I recently saw an interview with Robert Kiyosaki. He is an investor and most well-known for his Rich Dad Poor Dad books. While the books are not highly specific in most areas, they are great motivational books and they give a general overview of his philosophy when it comes to investing.
One of the things Kiyosaki said in the interview is that a house is not an asset. It is a liability. This is coming from a man who has made a big portion of his wealth from investing in real estate. But Kiyosaki is not really referring to investment real estate. He is talking about someone buying their primary residence to live in.
I recently wrote a blog post on housing costs and I referred to a house as a consumer good. This is really the same thing that Kiyosaki is saying in that a house is a liability. From a financial perspective, he is correct. Houses cost a lot of money and I’m not just referring to the mortgage. There are a lot of costs that go into owning a house. While I see nothing wrong with spending money on a house that you like (as a consumer good), I also don’t understand why so many people become house rich and cash poor.
This goes against conventional thinking that owning a house is an asset. But that is why so many people are not rich. In fact, most people barely have any savings at all. They may own a nice looking house, but they are a few missed paychecks away from a near financial crisis.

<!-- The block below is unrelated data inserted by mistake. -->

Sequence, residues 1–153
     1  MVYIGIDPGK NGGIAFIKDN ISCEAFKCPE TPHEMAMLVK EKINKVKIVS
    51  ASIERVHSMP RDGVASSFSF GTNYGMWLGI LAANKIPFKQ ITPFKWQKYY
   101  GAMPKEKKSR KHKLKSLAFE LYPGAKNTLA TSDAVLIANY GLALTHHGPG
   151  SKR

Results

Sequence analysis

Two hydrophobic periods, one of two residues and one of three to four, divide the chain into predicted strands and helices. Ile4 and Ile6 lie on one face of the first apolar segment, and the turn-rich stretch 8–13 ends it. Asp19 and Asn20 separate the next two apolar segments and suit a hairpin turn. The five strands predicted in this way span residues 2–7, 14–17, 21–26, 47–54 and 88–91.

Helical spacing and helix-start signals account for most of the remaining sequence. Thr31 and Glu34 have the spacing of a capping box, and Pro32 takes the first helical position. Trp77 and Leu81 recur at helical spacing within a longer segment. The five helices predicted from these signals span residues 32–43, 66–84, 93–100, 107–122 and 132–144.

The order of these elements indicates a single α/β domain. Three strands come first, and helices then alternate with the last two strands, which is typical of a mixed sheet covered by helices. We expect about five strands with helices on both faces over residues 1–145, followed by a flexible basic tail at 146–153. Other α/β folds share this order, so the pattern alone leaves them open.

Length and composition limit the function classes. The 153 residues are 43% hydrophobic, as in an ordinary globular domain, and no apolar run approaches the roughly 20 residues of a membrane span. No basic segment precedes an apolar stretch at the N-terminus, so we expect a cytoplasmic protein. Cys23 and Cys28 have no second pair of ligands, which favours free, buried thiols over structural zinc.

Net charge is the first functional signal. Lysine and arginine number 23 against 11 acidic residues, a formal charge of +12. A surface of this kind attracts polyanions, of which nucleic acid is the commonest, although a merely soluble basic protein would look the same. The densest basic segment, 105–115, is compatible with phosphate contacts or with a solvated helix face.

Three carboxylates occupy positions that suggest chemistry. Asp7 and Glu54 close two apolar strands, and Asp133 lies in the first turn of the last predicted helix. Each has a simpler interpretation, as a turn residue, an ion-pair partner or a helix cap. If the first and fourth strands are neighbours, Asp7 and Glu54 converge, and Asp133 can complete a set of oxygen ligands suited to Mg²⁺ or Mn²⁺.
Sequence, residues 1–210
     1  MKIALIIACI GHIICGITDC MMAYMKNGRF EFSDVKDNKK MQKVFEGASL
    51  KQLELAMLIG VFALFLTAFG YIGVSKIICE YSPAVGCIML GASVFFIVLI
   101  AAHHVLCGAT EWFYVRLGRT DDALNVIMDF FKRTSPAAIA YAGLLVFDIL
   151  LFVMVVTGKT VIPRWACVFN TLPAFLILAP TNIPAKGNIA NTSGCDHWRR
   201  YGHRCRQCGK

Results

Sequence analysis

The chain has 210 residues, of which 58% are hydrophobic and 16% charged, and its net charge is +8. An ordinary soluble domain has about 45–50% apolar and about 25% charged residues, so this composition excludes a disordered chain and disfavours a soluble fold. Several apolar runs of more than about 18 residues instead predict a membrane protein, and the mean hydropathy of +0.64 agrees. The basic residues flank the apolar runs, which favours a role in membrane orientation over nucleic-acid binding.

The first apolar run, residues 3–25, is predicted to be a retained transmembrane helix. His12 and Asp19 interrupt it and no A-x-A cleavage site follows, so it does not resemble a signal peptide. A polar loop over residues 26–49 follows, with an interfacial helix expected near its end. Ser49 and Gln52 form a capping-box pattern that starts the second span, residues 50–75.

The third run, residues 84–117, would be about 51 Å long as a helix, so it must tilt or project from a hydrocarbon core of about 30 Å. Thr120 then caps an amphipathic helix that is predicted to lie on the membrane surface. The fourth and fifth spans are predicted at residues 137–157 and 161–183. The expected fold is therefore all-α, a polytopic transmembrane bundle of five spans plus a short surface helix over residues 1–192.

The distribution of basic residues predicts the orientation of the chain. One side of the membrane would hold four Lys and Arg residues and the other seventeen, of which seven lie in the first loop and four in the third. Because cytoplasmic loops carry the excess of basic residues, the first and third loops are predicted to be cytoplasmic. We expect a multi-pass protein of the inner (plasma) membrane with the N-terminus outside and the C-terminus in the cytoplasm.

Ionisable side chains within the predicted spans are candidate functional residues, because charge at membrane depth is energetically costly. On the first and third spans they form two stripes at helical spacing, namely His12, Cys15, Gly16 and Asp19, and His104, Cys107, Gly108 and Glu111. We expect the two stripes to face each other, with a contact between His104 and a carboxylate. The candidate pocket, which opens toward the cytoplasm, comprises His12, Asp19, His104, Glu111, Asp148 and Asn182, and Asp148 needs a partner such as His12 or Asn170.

I remember watching a special program one time with a panel of “experts”. One of them was Robert Kiyosaki. He had a different view of things from the rest of the panel. Someone asked a question about real estate investing. One person on the panel suggested that it was a good idea if you can get rent to cover 70 or 80 percent of your costs (I don’t remember the exact percentage that was given, but it was below 100 percent).
Kiyosaki scoffed at this idea. He said that cash flow should be 130 percent or more (or some percentage close to that if my memory serves me correctly). He believes it is foolish to buy an investment property that produces negative cash flow, even if there is a good chance of appreciation. He believes in positive cash flow.
You don’t get rich when you are paying out more each month than you are taking in. I suppose over a long period of time you could pay off the mortgage and eventually get positive cash flow. But then how many years will it take just to break even with the previous negative cash flow?
I am a proponent of investment residential real estate if you are in a decent position to do so. But one thing I make clear is that it should always be positive cash flow. (Note – there could be exceptions if you already own the place and you are moving and you can’t get positive cash flow right away. But if you are buying a place for investment purposes, then you should be able to produce positive cash flow quickly or else it is a bad idea.)
In conclusion, if you are buying a house to live in, it should be viewed as a consumer good. You should not justify paying a lot because it is an “investment”. It is not an investment. It is a cost of living. If you want to pay more for some luxury, then at least be honest with yourself that you are spending more for this and that it is not for investing.
If you are buying a house (or condo) for investment purposes, your primary focus should not be on appreciation. Your primary focus should be on producing positive cash flow. You will not get rich, or anywhere close to rich, if your property expenses are higher than the rent being collected.